Lifelong friends and good social connections can give us a sense of belonging, make us feel healthier and nourished. But as we grow older, we often become more selective about who we allow within our inner circle. Those fleeting, fair-weather pals are traded for those with genuine staying power, as we prioritise making lasting friendships over temporary ones.
This so-called “social pruning” goes hand-in-hand with the litany of adulting pressures that tend to kick in at the onset of our thirties. It’s surprising how the vaulting bar to friendship shifts up a notch when you’re not mainlining tequila in a dorm at 3am. Even if you are, you’ve learnt life lessons by now on what you need to feel enriched in a friendship.
When it comes to making lifelong friends, the key lies in creating strong and simple connections. Here, we explore how to make lasting friendships – and why it’s always best to seek out low-maintenance friendships along the way.
Cultivating lasting friendships will change your life
Cultivating lasting friendships can have an incredibly grounding influence. During the course of our lifetime, most of us will encounter at least one person we form an instant connection with. Over time, this connection will develop and become characterised by mutual respect, understanding, and acceptance. While lifelong friendships may be rare, it is this rarity that makes them so special.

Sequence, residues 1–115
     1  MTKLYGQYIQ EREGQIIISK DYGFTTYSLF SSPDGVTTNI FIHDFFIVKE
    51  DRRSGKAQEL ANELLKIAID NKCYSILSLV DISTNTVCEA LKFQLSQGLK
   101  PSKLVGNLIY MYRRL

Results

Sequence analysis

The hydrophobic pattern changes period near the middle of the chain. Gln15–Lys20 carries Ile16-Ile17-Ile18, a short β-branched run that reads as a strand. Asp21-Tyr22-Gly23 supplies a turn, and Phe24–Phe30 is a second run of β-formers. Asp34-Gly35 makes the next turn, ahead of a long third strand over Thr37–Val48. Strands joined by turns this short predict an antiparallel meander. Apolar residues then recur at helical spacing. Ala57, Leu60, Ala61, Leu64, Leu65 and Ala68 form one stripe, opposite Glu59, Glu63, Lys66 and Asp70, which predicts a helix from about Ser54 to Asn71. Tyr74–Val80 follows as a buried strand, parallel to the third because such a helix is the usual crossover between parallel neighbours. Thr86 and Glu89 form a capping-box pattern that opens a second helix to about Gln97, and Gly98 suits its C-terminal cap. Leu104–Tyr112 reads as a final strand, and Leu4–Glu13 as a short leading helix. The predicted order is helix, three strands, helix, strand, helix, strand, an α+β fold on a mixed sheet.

How to make lasting friendships
As we get older and build up more responsibilities, making lasting friendships can become more challenging. To help shed some light on this, we’ve explored some expert advice on nurturing lifelong friendships below, touching on the reasons why low-maintenance friendships hold the key.
Understand that friendships wax and wane
Just like many things in life, friendships change, and it’s crucial to acknowledge this when building lifelong friendships. Science points to a host of qualities that are integral to keeping lasting friendships alive, such as proximity, shared memories and even similar brainwaves. On the flip side, researchers also argue that failure to adapt to the current state of a friendship can threaten its longevity.
“Friendships are always susceptible to circumstances,” William Rawlins, Professor of Interpersonal Communication at Ohio University, tells The Atlantic. He adds, “If you think of all the things we have to do – we have to work, we have to take care of our kids, or our parents – friends choose to do things for each other, so we can put them off. They fall through the cracks,”.